But works don’t save you from a causal standpoint any more than getting wet causes you to jump in a swimming pool. The Bible makes it clear that a person is saved via faith alone (e.g. Eph. 2:8-9), but that the faith that saves is not alone – a life change occurs where “if anyone is in Christ, he is a new creature; the old things passed away; behold, new things have come” (2 Cor. 5:17).

In his great work on the subject of saving faith, A Treatise Concerning Religious Affections, Jonathan Edwards writes as bluntly as James when he says: “Wherever a profession of conversion is not accompanied by holiness of life it must be understood that the individual concern is not a Christian.”

Savior and Lord

Make no mistake, espousing the idea of true saving faith needing the evidence of godly affections and good works is not a popular one today. Stating that fact will not be accepted most times and will likely cause you to lose listeners as it did me with the man who argued about the matter in my class (he never returned).  

At issue is the fact that everyone loves the idea of a savior who rescues but few want a lord who makes demands. But it’s like A. W. Tozer said: “The Lord will not save those whom He cannot command. He will not divide His offices. You cannot believe on a half-Christ.[1]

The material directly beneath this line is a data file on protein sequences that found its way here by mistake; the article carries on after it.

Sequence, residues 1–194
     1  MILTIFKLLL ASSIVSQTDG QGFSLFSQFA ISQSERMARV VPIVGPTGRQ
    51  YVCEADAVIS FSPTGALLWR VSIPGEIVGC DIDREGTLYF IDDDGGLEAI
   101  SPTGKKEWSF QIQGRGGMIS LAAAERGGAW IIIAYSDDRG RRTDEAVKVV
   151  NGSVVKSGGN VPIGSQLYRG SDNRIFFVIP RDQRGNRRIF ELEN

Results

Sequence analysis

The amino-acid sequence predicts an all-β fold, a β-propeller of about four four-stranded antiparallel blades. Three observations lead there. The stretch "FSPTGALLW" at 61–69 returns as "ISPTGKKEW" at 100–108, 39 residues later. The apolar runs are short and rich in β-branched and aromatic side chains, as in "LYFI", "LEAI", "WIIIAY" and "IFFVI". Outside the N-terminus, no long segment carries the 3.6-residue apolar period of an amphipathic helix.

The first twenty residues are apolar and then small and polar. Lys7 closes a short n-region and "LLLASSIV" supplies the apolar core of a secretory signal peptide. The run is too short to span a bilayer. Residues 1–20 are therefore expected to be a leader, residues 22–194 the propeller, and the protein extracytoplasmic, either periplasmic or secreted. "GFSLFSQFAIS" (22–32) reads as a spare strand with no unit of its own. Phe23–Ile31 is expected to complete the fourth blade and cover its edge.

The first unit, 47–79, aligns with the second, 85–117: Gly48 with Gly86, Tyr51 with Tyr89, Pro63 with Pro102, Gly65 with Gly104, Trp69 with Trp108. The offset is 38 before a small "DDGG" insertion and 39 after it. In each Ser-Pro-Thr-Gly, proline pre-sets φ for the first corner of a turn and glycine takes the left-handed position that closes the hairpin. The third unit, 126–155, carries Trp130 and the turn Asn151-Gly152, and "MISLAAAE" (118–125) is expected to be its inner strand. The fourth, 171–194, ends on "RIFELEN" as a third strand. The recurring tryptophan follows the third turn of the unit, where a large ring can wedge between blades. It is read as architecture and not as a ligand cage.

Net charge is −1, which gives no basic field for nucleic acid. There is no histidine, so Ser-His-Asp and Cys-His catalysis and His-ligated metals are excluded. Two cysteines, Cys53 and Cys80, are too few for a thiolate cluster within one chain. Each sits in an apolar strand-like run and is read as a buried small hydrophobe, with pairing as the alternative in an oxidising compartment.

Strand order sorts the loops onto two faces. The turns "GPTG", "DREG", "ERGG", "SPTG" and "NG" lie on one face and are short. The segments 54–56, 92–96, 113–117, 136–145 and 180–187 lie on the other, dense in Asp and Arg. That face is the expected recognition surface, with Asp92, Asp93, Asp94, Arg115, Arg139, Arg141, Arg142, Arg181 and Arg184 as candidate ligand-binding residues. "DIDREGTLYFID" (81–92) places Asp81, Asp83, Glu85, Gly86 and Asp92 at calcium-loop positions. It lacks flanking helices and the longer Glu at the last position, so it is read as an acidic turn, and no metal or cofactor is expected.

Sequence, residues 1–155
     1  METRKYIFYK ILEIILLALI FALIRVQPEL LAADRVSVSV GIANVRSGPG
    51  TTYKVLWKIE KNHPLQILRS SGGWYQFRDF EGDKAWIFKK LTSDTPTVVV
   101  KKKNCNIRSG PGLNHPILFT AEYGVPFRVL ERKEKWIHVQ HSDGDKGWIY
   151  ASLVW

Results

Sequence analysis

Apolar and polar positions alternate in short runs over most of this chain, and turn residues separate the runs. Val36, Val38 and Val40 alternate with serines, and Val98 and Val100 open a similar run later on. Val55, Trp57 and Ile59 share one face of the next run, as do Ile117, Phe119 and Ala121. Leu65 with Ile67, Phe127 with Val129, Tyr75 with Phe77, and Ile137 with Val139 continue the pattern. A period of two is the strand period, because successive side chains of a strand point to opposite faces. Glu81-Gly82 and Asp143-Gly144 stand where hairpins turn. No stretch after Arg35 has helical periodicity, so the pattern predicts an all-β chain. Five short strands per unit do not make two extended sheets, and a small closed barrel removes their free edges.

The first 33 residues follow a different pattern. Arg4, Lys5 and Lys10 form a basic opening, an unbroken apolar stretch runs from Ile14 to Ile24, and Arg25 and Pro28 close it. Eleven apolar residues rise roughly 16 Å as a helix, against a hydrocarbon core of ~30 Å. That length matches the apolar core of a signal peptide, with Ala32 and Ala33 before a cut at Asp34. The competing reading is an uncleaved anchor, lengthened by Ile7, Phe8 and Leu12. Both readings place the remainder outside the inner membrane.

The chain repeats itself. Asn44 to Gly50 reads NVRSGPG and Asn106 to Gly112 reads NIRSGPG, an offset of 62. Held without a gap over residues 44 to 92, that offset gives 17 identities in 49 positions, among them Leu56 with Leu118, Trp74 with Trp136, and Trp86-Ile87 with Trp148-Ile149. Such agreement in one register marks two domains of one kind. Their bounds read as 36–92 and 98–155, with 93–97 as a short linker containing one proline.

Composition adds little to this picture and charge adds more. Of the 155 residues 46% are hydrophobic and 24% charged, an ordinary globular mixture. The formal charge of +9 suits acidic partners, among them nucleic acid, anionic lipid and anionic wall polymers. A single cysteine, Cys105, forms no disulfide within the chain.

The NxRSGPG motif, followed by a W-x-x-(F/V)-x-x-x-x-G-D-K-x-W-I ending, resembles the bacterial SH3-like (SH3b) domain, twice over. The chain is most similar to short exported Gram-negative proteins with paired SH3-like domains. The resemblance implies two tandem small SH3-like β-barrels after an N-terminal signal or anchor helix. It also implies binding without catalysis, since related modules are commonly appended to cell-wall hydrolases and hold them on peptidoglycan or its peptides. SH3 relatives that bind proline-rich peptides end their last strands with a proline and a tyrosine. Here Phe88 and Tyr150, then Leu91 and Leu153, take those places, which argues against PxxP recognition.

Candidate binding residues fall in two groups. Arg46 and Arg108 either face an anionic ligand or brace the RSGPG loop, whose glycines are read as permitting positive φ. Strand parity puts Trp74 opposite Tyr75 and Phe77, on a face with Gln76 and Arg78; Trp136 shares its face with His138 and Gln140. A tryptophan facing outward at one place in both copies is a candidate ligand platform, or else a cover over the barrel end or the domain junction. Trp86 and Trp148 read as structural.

One of the beautiful things about salvation is that acknowledging Jesus as both Savior and Lord comes naturally because the heart and mind are both truly transformed. We are gifted with a faith that results in good works that are the logical outworking of faith, but not the cause of it; they are the evidences of saving faith, but are not a means of it.  

And in that regard, yes, a person’s faith must ‘work’ to be genuine.

[1] A. W. Tozer, I Call It Heresy! (Harrisburg, PA: Christian Publications, 1974), pg. 18.

Robin Schumacher is an accomplished software executive and Christian apologist who has written many articles, authored and contributed to several Christian books, appeared on nationally syndicated radio programs, and presented at apologetic events. He holds a BS in Business, Master's in Christian apologetics and a Ph.D. in New Testament. His latest book is, A Confident Faith: Winning people to Christ with the apologetics of the Apostle Paul.